It's All In The Genes

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VMP's Dr Fran Kendall Factoid Friday Blog on Rare Diseases


Mitochondrial disease is an umbrella heading that encompasses a number of well described subtypes including MELAS and MERRF and many other nonspecific disorders all affecting the body's ability to adequately produce energy.

The genetics that regulate mitochondrial functioning is as diverse and widespread as the various subtypes it generates. However, many people have limited understanding of the complexities of mitochondrial genetics  leaving them confused and confounded in regards to risks for children, themselves, or other family members.

Because understanding mitochondrial  Genetics has profound implications for an extended family, grasping the basic principles is important to understand your disease or that of your child or family member.

The Power of Two Genomes

Understanding two basic concepts regarding mitochondrial genetics is critical for understanding the principles that govern the inheritance of mitochondrial disease. The first is that there are approximately 1500 different genes that regulate mitochondrial functioning.  These genes encode for a whole host of proteins including the various complexes of the electron transport chain, the biochemical pathway that produces energy, assembly proteins that coalesce the subunits of the complexes, and transport proteins that allow for the movement of various compounds in and out of the mitochondria. Defects in any of these genes and resulting proteins can lead to inadequate energy production and mitochondrial disease. In contrast, many of the commonly known and understood inherited diseases such as cystic fibrosis, Tay-Sachs, and sickle cell anemia are due to an alteration in one gene which results in one damaged protein and subsequent disease. Clearly, having 1500 different players in mitochondrial metabolism makes the disease group broad, extensive and variable.

The second basic principle required to grasp  the genetics of mitochondrial disease is understanding that two sets of genetic material or code are involved in regulating mitochondrial metabolism. The best understood and well described is the maternally inherited mtDNA. Housed within a circular Molecule that resides within the mitochondria themselves, this genetic material is passed from mother to child from generation to generation via the egg cell and encompasses a total of 37 genes. (Remember, that we all begin as an egg cell subsequently fertilized by a sperm. The structure of the egg cell which includes mitochondria comes from our mothers although subsequent replication of that cell requires input from our fathers' genetic blueprint.)   These 37 genes were sequenced a number of years ago and some of the commonly known and understood mitochondrial diseases such as MELAS and MERRF were found to be caused by mutations in these genes in the 1980's.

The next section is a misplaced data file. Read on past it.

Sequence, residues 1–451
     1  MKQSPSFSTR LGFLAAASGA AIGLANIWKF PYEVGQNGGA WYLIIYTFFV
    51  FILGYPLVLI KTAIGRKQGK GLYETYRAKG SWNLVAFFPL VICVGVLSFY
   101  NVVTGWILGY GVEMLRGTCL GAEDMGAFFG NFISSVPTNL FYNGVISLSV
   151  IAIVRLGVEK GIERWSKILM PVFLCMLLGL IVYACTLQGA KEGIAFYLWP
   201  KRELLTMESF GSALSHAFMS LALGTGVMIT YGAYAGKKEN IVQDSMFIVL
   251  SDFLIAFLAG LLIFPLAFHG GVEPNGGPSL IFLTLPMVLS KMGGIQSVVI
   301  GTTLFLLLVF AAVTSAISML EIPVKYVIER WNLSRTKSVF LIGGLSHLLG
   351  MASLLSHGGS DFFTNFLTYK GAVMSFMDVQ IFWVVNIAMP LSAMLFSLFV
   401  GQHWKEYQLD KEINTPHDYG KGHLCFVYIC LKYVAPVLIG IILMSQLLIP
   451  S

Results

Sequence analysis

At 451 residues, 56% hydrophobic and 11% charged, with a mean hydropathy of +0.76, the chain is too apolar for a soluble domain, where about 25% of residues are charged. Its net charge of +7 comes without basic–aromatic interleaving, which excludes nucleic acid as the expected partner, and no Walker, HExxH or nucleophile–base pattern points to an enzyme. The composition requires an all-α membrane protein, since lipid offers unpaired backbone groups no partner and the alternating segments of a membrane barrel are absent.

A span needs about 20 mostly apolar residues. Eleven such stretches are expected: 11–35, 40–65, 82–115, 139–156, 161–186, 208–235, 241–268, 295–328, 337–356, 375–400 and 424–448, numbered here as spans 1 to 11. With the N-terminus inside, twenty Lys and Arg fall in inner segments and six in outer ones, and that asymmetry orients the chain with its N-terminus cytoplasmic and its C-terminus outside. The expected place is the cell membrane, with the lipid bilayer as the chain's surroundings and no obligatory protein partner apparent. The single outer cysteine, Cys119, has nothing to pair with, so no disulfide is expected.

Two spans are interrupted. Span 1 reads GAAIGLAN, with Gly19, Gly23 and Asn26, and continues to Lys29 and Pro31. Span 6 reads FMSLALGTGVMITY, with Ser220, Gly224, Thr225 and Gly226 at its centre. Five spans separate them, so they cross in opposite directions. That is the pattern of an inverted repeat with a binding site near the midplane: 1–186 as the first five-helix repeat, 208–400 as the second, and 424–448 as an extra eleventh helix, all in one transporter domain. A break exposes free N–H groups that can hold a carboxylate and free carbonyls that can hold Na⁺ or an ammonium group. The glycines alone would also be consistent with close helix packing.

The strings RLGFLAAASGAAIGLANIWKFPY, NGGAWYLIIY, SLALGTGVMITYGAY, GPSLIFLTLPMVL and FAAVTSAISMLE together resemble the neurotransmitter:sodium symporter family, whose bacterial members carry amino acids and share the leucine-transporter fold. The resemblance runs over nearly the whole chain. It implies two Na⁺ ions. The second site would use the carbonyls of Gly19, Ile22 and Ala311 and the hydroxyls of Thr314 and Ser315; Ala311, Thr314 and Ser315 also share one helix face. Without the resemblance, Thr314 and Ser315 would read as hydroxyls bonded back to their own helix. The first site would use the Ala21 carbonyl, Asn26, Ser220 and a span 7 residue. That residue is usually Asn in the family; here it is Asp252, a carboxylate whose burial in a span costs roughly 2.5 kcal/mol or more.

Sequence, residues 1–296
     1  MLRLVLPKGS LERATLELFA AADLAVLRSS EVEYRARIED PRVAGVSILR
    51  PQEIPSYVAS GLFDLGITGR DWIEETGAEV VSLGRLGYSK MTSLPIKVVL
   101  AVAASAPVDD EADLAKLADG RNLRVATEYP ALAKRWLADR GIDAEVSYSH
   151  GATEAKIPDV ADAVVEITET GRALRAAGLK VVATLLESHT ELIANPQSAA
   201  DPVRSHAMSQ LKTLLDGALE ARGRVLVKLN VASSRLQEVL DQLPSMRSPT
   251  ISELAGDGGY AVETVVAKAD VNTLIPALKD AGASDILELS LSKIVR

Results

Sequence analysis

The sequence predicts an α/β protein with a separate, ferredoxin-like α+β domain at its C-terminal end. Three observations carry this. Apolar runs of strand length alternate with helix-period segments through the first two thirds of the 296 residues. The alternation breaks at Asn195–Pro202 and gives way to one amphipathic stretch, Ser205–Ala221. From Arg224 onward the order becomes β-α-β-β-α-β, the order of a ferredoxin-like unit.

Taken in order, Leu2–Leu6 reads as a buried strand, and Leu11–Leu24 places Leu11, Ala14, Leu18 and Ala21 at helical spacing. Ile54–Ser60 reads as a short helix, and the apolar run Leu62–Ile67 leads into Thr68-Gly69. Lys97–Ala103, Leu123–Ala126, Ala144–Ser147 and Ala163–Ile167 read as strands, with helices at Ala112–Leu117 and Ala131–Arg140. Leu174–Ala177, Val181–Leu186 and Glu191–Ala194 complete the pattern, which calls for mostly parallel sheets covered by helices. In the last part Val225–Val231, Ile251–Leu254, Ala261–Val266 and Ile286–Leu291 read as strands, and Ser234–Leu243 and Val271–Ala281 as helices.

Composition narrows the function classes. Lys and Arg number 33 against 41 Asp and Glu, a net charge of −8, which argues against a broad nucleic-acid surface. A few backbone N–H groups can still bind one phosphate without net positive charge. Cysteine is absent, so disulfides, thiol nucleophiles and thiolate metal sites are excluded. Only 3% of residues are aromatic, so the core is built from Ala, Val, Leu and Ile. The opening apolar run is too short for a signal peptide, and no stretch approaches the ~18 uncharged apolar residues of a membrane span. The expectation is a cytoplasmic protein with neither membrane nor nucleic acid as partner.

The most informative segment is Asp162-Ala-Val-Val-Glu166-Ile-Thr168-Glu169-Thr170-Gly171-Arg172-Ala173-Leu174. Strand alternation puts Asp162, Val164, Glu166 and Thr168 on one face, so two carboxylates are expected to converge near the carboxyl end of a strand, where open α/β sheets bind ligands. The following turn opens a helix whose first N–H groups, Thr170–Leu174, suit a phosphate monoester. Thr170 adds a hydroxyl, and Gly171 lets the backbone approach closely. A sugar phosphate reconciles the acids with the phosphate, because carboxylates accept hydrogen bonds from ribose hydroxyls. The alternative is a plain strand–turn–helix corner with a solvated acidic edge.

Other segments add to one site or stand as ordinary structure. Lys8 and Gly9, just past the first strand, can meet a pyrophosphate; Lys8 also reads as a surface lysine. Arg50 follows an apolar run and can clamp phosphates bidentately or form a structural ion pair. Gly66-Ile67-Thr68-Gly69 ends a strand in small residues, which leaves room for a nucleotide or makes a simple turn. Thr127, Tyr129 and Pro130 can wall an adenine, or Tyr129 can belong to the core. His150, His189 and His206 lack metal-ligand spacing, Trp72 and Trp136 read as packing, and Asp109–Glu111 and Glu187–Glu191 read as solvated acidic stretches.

The remaining 1400+ genes are inherited through both of our parents and are housed in the nucleus or command center of our body's cells.  Together, these mitochondrial and nuclear mitochondrial genes encompass the blueprint or genetic code that regulates our mitochondrial machinery.

The Mitochondrial Genome

While somewhat of a misnomer leading one to believe that this genetic material alone regulates mitochondrial functioning, mitochondrial DNA or mtDNA is merely the subset of genes regulating mitochondrial function that are inherited exclusively through the maternal line.

The mtDNA is a circular molecule present in 5 to 10 copies and each of mitochondria and composed of 16,569 basis or 37 genes. In addition, dependent on the cell type, there are hundreds to thousands of mitochondria per cell. These 37 genes encode for 22 tRNAs, 13 polypeptides or proteins of the respiratory chain including seven subunits of complex one, one subunit of complex III, three subunits of complex IV, two subunits of complex V and two ribosomal RNA's. Essentially, these genes are an integral part of the machinery that allows the mitochondria to be created and to function.

Mutations in the mtDNA arise either de Novo, meaning are present only in the affected individual, or are maternally inherited. In most cases, mtDNA point mutations or mutations that alter just one base pair or bead on the string of a gene, are inherited, whereas large deletions, a loss of big chunks of genetic material, are typically de novo in nature and not passed on from mother to child.

Another unique feature of the mtDNA is heteroplasmy in which mutated mtDNA may be present in varying amounts with wild type or typical DNA within the same cell. When the percentage of mutated DNA (mutation load) reaches a certain threshold the function of the tissue may become impaired.  The mutation load varies by tissue type, age, and specific mutation. Thus, the mutation load varies within and between tissues leading to broad spectrum of clinical symptoms that can range from healthy and asymptomatic to severely impacted. And certain tissues, like blood, there may be selection again some of these mutations with preferential retention of cells with normal mtDNA.

Many of the well-known and well described subtypes of mitochondrial disease to include MELAS, MERRF, Kearns Sayre syndrome, and Pearson syndrome all result from point mutations and deletions in the mtDNA.

The Nuclear Genes

As previously stated, the other remaining 1400+ genes that regulate mitochondrial production and function are encoded by nuclear mitochondrial genes inherited from both parents and are housed within the center of the cell or nucleus.